Involvement activity

We strongly believe that the public, patients, carers, staff, volunteers, and stakeholders play a vital role in contributing and developing mental health, learning disability and autism services through their experience of services, personally or in a caring role. This expertise is essential and places people at the centre of our services.

This is strongly highlighted throughout our Involving People Policy.

The public, patients, carers, staff, volunteers, governors, and stakeholders may be involved in some or all of the following ways:

  • Designing services that are personal, caring and compassionate.
  • Working together in co-production with the aim to get it right first time.
  • Planning services in partnership with the people who use them and their family/carers.
  • Running services by working alongside the Trust in paid or voluntary roles.
  • Training, education, and recruitment of our people.
  • Quality issues such as setting, monitoring, and improving standards across all teams who provide services for people we see.

Involvement is even more important as the Trust brings new service developments into Lincolnshire and the organisation challenges itself to always deliver services in the most caring, safe, responsive and effective way.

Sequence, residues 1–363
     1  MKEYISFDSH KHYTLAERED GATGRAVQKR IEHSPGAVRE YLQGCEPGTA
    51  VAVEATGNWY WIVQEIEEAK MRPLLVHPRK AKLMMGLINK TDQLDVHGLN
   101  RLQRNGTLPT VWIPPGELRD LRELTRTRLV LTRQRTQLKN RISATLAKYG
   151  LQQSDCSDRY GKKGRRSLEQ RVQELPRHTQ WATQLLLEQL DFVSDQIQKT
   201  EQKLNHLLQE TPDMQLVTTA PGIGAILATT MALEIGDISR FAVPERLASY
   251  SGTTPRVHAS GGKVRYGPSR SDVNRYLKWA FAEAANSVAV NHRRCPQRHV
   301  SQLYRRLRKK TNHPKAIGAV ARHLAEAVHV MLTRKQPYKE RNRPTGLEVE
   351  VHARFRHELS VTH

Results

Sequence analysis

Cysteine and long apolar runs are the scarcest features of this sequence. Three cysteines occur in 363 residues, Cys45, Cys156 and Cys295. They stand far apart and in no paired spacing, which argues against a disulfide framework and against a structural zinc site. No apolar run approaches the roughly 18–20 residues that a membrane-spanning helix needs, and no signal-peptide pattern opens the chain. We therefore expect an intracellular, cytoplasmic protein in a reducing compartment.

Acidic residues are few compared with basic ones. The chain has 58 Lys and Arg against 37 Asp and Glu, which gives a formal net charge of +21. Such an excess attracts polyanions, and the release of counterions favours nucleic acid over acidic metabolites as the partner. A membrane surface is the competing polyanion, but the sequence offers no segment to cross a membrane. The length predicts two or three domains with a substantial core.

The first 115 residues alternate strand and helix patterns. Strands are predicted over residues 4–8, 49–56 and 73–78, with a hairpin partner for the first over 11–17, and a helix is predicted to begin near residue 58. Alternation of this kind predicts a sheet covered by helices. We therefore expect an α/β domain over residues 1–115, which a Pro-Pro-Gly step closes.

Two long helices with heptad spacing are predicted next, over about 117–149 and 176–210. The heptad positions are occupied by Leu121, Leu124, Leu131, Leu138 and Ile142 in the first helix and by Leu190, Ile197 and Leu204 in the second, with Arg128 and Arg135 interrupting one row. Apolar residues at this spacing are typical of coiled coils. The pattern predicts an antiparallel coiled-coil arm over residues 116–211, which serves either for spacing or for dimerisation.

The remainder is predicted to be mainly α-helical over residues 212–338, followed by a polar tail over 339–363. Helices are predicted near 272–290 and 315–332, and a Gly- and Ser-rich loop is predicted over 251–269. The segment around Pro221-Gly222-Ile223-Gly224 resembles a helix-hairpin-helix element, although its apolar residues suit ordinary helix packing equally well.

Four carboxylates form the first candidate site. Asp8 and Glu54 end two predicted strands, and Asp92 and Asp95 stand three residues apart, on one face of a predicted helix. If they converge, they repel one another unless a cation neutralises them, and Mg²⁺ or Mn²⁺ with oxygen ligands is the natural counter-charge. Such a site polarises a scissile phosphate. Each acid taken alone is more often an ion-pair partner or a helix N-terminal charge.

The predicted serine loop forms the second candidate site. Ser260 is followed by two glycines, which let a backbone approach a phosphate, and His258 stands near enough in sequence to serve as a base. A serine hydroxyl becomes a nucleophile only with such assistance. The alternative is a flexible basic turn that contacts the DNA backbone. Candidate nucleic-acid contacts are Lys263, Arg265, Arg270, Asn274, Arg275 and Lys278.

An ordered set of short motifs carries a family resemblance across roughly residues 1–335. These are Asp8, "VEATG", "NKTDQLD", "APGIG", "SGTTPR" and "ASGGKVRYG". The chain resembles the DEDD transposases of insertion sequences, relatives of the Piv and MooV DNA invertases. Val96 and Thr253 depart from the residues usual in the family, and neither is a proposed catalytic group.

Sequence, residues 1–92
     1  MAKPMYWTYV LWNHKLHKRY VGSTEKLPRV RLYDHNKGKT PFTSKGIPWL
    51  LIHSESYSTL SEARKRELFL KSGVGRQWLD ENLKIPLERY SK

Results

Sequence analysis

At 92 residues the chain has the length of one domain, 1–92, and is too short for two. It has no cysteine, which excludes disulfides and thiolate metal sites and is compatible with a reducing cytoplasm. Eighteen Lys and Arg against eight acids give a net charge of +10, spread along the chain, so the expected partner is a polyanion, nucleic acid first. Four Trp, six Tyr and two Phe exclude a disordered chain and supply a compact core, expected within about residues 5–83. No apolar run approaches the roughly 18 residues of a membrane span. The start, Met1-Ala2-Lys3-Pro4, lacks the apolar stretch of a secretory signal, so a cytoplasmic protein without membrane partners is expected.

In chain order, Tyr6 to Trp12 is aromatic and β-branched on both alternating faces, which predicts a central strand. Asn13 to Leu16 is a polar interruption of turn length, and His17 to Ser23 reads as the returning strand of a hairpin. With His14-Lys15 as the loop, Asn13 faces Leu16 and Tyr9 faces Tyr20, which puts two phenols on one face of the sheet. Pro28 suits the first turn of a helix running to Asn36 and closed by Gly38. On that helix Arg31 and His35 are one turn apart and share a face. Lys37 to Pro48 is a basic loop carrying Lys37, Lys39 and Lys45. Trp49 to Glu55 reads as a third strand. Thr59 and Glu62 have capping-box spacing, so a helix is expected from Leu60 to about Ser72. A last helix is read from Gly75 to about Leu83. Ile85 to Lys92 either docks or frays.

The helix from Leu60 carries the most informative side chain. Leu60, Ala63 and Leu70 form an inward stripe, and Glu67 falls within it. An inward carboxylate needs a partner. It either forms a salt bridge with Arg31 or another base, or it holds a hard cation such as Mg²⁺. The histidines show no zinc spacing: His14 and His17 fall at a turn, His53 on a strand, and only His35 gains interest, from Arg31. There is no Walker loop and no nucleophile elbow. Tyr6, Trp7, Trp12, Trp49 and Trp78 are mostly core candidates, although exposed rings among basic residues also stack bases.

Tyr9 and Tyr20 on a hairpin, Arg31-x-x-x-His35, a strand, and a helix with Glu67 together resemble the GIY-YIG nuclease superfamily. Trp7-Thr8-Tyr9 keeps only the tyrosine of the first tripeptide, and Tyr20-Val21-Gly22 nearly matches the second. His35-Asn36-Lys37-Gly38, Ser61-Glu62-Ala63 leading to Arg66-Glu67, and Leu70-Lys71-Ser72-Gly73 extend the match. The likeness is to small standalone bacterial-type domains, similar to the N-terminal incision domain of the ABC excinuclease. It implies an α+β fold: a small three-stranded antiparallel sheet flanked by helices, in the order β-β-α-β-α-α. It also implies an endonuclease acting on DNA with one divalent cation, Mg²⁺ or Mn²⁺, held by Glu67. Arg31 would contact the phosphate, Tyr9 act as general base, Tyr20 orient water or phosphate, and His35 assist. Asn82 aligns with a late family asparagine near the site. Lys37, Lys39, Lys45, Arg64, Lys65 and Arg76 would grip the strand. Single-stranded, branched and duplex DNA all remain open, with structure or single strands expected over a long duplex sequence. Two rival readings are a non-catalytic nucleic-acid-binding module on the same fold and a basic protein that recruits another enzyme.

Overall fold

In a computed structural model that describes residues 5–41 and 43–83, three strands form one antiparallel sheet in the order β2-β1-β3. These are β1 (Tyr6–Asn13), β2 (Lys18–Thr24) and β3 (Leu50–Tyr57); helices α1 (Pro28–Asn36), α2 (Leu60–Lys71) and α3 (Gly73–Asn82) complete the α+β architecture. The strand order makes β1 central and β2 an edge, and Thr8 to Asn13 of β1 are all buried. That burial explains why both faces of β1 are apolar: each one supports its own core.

The Trust has worked hard to engage and involve people, listening to what people tell us is important and raises the profile of the patient, carer and professional delivering and receiving the care. 

The way the Trust engages has adapted throughout 2022/23.

  • Following the restrictions from the COVID-19 pandemic we now offer both face to face and online opportunities, so people can choose how they want to be involved.
  • The Trust’s participation team were able to support and facilitate over 848 engagement contacts, during this year which is a significant increase on the previous year.
  • The team delivered on short, medium, and long-term projects using four different levels of engagement, from providing advice, guidance and facilitation right through to organising large scale events and public consultation.
  • The peer engagement worker, with lived experience of mental health services, played a key role in supporting the team on a range of projects and worked in collaboration with different services. Through this work they have now secured a permanent position as a senior peer support worker within the Trust.